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State looks into finances of Benton Harbor Schools

LANSING, Mich. -- The State of Michigan Department of the Treasury is looking into the financial state of Benton Harbor Schools. The district's deficit has increased dramatically over the past few years and the state may step in to get a handle on the problem before it's too late.


"Any time that you see a deficit increase and increase fairly dramatically over a short period of time, that's certainly a concern," said Terry Stanton, Director of Communications for the Michigan Department of Treasury.



The Department of Treasury says Benton Harbor Schools are more than $15 million in debt.



Now, the state is taking a closer look at the districts' budget.



"Interview school district officials, union officials, department heads, budget heads to try and get a sense of where the school district is right now financially," said Stanton.



In 2007, the school district was just $3 million in the hole, but in 7 years, the debt has ballooned.



Stanton says when school districts rack up millions of dollars in debt, it all comes down to one thing.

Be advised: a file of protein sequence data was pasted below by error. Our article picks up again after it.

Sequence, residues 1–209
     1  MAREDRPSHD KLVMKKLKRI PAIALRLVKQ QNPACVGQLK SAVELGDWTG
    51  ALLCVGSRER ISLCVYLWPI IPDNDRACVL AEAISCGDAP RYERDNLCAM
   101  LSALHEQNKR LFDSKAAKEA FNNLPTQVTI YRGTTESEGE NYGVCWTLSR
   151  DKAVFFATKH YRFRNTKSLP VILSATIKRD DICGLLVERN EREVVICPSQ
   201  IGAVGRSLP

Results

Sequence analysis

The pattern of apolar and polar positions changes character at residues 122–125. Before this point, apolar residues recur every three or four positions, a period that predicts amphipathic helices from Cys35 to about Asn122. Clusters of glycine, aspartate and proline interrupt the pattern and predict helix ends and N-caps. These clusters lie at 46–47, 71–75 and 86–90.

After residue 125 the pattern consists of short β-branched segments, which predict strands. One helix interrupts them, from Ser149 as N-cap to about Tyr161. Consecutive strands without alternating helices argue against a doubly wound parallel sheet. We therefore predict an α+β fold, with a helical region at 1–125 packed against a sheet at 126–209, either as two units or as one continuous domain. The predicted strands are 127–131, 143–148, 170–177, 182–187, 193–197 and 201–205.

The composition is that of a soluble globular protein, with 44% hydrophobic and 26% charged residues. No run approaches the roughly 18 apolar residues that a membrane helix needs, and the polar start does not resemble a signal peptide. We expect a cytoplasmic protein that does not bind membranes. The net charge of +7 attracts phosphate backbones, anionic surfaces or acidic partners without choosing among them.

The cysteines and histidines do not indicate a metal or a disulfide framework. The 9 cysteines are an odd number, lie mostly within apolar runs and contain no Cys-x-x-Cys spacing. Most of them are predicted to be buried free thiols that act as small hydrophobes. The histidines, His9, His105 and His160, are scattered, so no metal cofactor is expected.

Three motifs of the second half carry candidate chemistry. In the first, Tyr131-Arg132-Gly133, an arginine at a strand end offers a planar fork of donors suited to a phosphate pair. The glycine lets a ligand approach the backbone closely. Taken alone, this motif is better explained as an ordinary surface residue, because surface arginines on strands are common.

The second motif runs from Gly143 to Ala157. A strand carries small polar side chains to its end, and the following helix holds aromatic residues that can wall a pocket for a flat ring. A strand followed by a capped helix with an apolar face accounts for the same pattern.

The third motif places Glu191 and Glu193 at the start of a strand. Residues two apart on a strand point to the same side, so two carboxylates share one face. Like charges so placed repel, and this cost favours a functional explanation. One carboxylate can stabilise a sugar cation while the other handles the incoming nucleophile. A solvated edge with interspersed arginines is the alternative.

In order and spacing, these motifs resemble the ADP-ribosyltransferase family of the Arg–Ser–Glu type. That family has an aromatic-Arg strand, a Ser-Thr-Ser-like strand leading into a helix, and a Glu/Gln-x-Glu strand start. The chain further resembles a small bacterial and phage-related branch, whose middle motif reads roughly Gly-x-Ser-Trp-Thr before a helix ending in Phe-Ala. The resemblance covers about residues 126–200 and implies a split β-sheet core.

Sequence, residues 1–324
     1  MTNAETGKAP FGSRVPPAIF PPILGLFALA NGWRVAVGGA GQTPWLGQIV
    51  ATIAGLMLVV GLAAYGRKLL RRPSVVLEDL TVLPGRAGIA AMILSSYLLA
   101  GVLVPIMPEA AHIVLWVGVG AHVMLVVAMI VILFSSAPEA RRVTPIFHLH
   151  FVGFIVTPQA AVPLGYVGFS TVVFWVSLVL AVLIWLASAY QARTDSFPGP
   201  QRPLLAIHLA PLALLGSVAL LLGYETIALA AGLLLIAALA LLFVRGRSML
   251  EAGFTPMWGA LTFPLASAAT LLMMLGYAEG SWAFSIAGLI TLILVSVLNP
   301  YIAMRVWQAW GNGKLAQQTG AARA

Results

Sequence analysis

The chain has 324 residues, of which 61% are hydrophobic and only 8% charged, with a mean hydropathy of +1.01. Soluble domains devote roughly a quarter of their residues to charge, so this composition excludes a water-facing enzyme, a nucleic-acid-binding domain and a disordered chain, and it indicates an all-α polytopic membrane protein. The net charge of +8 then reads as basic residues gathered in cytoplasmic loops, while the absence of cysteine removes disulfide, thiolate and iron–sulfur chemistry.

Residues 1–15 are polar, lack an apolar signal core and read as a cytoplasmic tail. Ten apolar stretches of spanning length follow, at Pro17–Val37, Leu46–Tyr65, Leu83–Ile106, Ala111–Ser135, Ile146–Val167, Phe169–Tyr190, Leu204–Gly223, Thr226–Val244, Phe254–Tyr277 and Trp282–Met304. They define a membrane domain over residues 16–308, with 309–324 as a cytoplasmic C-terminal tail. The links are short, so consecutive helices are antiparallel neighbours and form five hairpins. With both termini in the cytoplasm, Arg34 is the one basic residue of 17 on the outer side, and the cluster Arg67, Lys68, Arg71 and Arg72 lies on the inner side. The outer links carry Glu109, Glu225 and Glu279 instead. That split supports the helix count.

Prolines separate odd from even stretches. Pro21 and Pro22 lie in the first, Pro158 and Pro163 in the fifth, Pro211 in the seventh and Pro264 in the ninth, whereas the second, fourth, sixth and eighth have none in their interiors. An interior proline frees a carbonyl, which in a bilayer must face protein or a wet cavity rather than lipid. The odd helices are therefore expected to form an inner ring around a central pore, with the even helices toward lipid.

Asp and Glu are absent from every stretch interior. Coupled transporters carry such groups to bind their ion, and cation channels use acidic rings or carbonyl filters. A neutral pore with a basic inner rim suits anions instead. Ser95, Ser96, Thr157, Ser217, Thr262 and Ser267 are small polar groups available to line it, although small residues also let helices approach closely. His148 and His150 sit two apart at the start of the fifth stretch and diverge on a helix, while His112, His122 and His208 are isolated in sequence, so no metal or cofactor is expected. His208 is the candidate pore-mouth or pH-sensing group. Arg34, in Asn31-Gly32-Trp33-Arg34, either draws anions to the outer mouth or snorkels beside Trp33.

"They were spending more than they were taking in



Michigan s Governor Snyder appointed 5 people to review Benton Harbor Schools' budget and determine whether or not the district is in a state of financial emergency.



"If it is found that the district is in a financial emergency, then the school district will pick how that emergency is going to be addressed whether that be a consent agreement with the state, er manager, neutral evaluation or bankruptcy," said Stanton.



Stanton said it would be difficult to know what would happen if the district declared bankruptcy because it hasn't been done before.



Benton Harbor Schools are not the first district to be under state review.



"Muskegon Heights has been through this, Highland Park Schools, Detroit Public Schools," said Stanton.



All of those school districts ended up under the control of an emergency financial manager, and all of those districts are in cities that have been under the control of an emergency financial manager.



"I don't know that there's a direct correlation you can point to there but often times you're looking at areas that have struggled financially for a period of time and it isn't necessarily anything that crops up overnight," said Stanton.



The review board is expected to look into the budget by next week.



They have 60 days to take a close look at the budget.

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